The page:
In our memorial of the Easter Event, our Gospel this evening concentrates on what Jesus did when he washed his disciples’ feet. (John 13:1-15) It speaks of Jesus getting up from table and removing his outer garment, of his wrapping a towel round his waist and then proceeding to wash his disciples’ feet, and then recalls that when he had completed this task, he put his clothes back on and returned to the table. (C.f.: John 13:3) In this action we can see what Paul was to say later: “Have this mind among yourselves, which is yours in Christ Jesus, who, though he was in the form of God, did not count equality with God a thing to be grasped, but emptied himself, by taking the form of a servant, being born in the likeness of men. And being found in human form, he humbled himself by becoming obedient to the point of death, even death on a cross. Therefore God has highly exalted him and bestowed on him the name that is above every name, so that at the name of Jesus every knee should bow, in heaven and on earth and under the earth, and every tongue confess that Jesus Christ is Lord, to the glory of God the Father.” (Philippians 2:5-11) This whole foot-washing event is a ‘parable’ about the Mystery of the Incarnation, and thus making of the Banquet Table, which we gather round tonight, a symbol of the ‘glory Christ had with the Father before ever the world was’ and to which he has now returned. (John 17:5) So, we can think of our seeking eternal life as a desire to take our place with him at the Lord’s Table and in this way share in his glory. (C.f.: Mark 10:37; Psalm 23:5)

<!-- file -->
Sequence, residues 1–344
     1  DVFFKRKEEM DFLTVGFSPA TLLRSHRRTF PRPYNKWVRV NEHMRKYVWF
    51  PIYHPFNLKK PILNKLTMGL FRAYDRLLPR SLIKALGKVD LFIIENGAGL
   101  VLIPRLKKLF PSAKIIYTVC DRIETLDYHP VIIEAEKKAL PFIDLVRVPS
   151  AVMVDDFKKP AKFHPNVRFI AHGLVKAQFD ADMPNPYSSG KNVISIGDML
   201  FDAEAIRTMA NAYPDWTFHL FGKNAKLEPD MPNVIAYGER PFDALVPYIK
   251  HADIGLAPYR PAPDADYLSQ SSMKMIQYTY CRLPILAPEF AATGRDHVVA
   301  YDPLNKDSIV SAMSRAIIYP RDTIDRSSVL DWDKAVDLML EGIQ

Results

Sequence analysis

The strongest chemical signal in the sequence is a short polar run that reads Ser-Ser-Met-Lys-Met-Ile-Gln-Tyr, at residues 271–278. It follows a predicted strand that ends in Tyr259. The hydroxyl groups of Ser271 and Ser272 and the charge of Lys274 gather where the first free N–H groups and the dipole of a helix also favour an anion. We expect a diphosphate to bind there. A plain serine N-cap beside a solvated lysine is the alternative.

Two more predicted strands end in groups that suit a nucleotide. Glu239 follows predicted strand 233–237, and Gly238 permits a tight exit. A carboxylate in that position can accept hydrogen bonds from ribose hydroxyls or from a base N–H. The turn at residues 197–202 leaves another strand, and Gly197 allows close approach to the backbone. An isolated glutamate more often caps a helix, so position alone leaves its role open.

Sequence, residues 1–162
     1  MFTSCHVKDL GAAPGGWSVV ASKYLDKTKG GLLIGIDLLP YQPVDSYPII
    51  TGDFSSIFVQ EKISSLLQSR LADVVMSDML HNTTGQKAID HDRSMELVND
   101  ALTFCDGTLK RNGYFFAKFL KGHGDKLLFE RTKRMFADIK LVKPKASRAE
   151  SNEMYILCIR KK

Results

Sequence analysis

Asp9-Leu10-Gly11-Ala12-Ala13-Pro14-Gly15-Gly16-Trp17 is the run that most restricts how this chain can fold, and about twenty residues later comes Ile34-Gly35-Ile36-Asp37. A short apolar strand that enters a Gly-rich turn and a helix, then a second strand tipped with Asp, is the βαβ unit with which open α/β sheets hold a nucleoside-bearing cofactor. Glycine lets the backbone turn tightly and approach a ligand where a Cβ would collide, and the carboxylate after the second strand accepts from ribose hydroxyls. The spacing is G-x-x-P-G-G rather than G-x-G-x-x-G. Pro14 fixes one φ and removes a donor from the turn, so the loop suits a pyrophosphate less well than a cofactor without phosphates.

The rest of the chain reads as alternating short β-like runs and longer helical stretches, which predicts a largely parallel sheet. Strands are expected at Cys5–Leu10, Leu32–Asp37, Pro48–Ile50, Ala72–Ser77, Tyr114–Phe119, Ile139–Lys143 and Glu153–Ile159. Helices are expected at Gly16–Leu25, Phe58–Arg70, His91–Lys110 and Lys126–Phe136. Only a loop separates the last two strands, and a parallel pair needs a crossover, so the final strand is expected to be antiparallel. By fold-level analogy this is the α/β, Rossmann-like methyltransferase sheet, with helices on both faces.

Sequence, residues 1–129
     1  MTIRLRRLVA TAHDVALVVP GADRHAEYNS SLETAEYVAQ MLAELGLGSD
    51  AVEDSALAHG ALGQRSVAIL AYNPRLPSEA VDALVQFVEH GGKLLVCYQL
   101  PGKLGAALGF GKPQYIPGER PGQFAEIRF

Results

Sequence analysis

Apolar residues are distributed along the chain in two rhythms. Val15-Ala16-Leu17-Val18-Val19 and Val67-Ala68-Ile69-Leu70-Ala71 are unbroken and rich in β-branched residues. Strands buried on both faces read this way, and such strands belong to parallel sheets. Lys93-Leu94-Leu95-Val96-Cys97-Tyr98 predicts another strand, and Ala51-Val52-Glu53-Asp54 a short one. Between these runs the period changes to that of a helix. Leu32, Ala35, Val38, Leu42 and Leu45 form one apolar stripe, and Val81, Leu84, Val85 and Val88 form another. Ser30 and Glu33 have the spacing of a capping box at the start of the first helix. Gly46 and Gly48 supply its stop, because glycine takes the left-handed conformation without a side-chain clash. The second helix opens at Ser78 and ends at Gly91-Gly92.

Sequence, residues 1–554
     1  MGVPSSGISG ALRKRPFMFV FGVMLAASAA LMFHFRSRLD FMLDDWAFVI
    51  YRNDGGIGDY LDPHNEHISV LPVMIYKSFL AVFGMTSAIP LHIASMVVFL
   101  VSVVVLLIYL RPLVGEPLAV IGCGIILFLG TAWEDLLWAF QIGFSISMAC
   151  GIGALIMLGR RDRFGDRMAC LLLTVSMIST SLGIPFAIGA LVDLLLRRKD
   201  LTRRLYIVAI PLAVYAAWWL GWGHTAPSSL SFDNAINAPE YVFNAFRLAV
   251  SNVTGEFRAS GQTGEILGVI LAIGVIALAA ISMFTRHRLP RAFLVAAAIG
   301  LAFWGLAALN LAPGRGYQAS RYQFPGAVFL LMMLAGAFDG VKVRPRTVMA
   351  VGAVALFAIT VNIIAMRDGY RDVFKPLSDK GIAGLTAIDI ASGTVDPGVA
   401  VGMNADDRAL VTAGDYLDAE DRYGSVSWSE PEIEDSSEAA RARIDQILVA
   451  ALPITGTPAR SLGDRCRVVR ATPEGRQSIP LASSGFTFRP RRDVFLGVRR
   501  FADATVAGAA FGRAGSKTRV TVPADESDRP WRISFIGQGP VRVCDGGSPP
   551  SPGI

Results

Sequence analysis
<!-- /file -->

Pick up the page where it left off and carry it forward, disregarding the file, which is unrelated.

In this ‘parable,’ the foot-washing itself, then, corresponds to his time on earth. In it we are meant to see God coming to us … as a humble servant. This really is a shocking image: our Messiah, our mighty Saviour-God, coming as a mere servant, with a towel round his waist and a basin of water … to wash our feet — this is our God! (John 13:6-8. C.f.: Matthew 21:5; Mark 12:2ff) No wonder he could say to us elsewhere: “What you did to one of these least sisters and brothers of mine, you did it to me.” (Matthew 25:45) For our God comes to us as one who is poor, a nobody — perhaps he is sick, hungry, homeless even, maybe he is in trouble with the law! (John 18:12ff)
However, that said, if we are to be what we are created to be, ‘images of God’ in this world (Genesis 1:27), then we must live as the Christ lived in this world, as the servant of all. (Mark 10:45) This is his cross that we are to carry. (Luke 14:27; Mark 15:21) So he says to us: “If I then, your Lord and Teacher, have washed your feet, you also ought to wash one another's feet. For I have given you an example, that you also should do just as I have done to you.” (John 13:14-15) This is how we are to live here in this world — doing as he did, washing each other’s feet (Luke 7:38), making 3 ourselves fit and worthy to be at Table with him at the Heavenly Banquet. (John 13:8; Luke 7:44, 48. C.f.: Rule of St Benedict 53:12-13, 15; Galatians 6:1) Later Jesus will say to us: “A new commandment I give to you: that you love one another; just as I have loved you, you also are to love one another.” (John 13:34) Why must we wash each other’s feet? Because in this way we show each other ‘such great love,’ in a way that is real. (Luke 7:47. C.f.: John 3:16; Galatians 6:2; 1 John 4:10-11, 19-21) This is how we put on the ‘mind of Christ’ (1 Corinthians 2:16; Philippians 2:5), that we might be the Christ for one another, making him really present in our loving service of one another. (C.f.: Rule of St Benedict 38:6) This is what our Eucharist is to teach us; this is what we are to hand on.
By Dom Steele Hartmann OCSO